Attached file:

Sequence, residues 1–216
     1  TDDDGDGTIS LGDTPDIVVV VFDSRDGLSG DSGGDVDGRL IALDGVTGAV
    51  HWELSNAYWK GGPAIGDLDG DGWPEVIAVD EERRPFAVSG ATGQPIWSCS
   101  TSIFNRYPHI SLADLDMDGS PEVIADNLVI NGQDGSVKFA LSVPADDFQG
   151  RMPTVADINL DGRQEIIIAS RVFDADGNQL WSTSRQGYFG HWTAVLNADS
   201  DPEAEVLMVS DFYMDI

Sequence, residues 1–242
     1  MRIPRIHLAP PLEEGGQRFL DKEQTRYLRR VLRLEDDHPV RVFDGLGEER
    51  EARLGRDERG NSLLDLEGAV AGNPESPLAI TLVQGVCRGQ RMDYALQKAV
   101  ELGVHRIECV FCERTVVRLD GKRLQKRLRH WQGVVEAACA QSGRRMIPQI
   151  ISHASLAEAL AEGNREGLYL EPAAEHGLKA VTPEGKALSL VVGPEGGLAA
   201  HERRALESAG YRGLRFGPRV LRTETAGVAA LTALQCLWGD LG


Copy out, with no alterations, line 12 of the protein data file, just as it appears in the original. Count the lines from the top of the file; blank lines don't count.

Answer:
   201  HERRALESAG YRGLRFGPRV LRTETAGVAA LTALQCLWGD LG